Studies measuring the extent of interspecific interactions between dolphin species are rare. We observed free-ranging tucuxis (Sotalia fluviatilis) and bottlenose dolphins (Tursiops truncatus) to document the frequency of occurrence of interspecific interactions relative to group size and behavioral state. We conducted opportunistic surveys in Gandoca- Manzanillo (9º36’N, 82º35’W), Costa Rica. Of the 71 groups analyzed, 46.5% were comprised only of tucuxis, 21.1% of bottlenose dolphins, and 32.4% of the two species. Social behavior was more frequent in mixed-species groups and in groups larger than four dolphins; foraging was more frequent in single-species groups and in groups smaller than five dolphins. Photographic documentation and sightings of putative hybrids suggest the occurrence of hybridization between both dolphin species. Results indicate that tucuxis and bottlenose dolphins interacted frequently and that these interactions were predominantly social in nature. Future studies will discern whether these interactions result in the development of hybrids.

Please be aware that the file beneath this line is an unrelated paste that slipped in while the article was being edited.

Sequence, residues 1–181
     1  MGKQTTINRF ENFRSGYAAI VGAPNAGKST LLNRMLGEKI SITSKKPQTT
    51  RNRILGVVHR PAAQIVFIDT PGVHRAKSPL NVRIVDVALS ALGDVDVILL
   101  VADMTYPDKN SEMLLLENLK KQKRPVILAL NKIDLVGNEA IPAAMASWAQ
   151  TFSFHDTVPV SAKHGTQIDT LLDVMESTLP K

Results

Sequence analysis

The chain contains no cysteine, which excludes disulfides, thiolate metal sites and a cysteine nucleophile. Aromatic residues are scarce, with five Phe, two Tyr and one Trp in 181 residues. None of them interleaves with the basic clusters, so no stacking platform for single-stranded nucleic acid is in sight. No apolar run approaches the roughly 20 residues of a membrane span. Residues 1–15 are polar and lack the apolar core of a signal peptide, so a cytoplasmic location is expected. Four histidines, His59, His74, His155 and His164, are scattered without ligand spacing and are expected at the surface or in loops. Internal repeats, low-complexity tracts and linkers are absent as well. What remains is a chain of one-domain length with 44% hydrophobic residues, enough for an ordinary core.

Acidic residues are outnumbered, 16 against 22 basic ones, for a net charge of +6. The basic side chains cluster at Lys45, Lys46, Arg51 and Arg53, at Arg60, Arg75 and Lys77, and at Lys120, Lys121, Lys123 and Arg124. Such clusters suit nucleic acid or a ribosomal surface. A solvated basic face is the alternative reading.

Available at: http://works.bepress.com/alejandro_acevedo-gutierrez/13/